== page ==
Landmark Settlement Gives White Sturgeon a Glimmer of Hope

By Beacon Staff

The Kootenai River white sturgeon is one of the most intriguing, and some would say bizarre, fish in North America, with a history that extends beyond multiple ice ages. The extinction of the dinosaurs couldn’t take it out, but the 20th century nearly did. Now, following a landmark agreement in September between six groups with a stake in the Kootenai River’s future and in the wellbeing of its unique white sturgeon population, the 21st century has brought a ray of light for a prehistoric fish on the brink of extinction.

The settlement, filed in U.S. District Court in Missoula, follows years of lawsuits and bureaucratic wrangling involving a number of groups from Idaho and Montana, Canada and the U.S. federal government. The six entities named in the settlement were the Bonneville Power Administration, the Center for Biological Diversity, U.S. Army Corps of Engineers, the state of Montana, the U.S. Fish and Wildlife Service (FWS) and the Kootenai Tribe of Idaho.

At the heart of the negotiations is Libby Dam, located on the Kootenai River less than 20 miles upstream from Libby. It forms Lake Koocanusa and is operated by the Corps of Engineers. The settlement essentially maps out what dam operators can and should do to ensure the recovery of the downstream white sturgeon by clarifying portions of a past FWS biological opinion. The agreement calls for a habitat restoration plan as well.

Also, the state of Montana, as part of the settlement, will grant a variance in dissolved gas standards for the Kootenai River if necessary. Previously, state officials had repeatedly resisted allowing a test spill from the dam’s spillways to see what effect it would have on improving sturgeon habitat. Officials argued that spills would create gas levels in the river higher than is allowed by state standards.

Biologists think the agreement is a major turning point in the fate of the Kootenai sturgeon, which has been listed as endangered since 1994.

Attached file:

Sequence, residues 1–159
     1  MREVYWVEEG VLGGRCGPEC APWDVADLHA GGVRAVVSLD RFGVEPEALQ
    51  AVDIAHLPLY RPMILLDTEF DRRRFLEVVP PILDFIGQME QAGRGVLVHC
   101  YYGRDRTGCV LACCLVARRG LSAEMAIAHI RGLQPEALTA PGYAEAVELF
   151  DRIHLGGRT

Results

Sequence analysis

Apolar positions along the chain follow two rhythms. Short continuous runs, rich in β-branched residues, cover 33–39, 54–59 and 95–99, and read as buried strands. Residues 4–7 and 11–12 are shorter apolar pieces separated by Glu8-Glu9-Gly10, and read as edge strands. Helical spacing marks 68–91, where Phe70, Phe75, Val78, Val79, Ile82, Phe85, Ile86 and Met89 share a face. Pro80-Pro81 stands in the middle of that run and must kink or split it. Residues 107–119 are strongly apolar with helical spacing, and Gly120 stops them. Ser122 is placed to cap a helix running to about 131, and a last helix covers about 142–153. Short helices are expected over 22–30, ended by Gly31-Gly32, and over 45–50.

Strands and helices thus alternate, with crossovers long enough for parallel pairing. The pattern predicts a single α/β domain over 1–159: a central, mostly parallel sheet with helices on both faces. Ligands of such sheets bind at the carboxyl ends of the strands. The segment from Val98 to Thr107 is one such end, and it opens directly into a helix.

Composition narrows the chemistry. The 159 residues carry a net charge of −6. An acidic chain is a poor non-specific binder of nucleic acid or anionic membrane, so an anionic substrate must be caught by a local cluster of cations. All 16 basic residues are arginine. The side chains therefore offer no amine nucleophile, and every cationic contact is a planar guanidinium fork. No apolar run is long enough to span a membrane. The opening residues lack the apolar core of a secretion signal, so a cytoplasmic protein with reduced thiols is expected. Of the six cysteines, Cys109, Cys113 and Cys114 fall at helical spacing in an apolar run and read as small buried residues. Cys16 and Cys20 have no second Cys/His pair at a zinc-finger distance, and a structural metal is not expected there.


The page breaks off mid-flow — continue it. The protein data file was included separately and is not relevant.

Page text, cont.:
“Many scientists think we’re in an extinction crisis and the Kootenai sturgeon are part of this,” said Noah Greenwald, science director for the Tucson-based Center for Biological Diversity. “(The settlement) is a big step forward for us.”

Kootenai’s Unique Sturgeon

There’s no fish like the sturgeon in the world, and there’s no sturgeon like the Kootenai River white sturgeon, a naturally landlocked bottom feeder that has long been revered by the Kootenai Indians. There are more than 20 species of sturgeon in the world, including the Caspian Sea beluga variety, long coveted for its roe to be made into caviar. The Kootenai sturgeon were separated from other populations of white sturgeon at the end of the last ice age when the retreat of glaciers formed a waterfall at Bonnington Falls, British Columbia, thus cutting off their historic path to the Pacific Ocean.

Sturgeon can live to be more than 100 years old. By comparison, the typical lifespan of trout is fewer than 10 years. The Kootenai white sturgeon’s cousins on the Pacific coast can grow to more than 1,500 pounds and 15 feet. The Kootenai sturgeon, on the other hand, tops out closer to nine feet and 300 pounds, which is still massive for a freshwater fish.

White sturgeon are opportunistic bottom feeders that eat about whatever comes their way, using “a mouth that’s like a vacuum cleaner,” according to Sue Ireland, the Kootenai Tribe’s Fish and Wildlife director. They eat a variety of fish, including kokanee salmon, as well as insects, crustaceans and plants.

But over the years, vital nutrients such as phosphorous have been depleted in the Kootenai River, as have their traditional spawning grounds near Bonner’s Ferry, Idaho. The Kootenai sturgeon population has been dissipating at a clip of nearly 10 percent per year. Fishing, pollution, development and agriculture have all contributed to the decline, but the foremost culprit, biologists say, is Libby Dam.

Libby Dam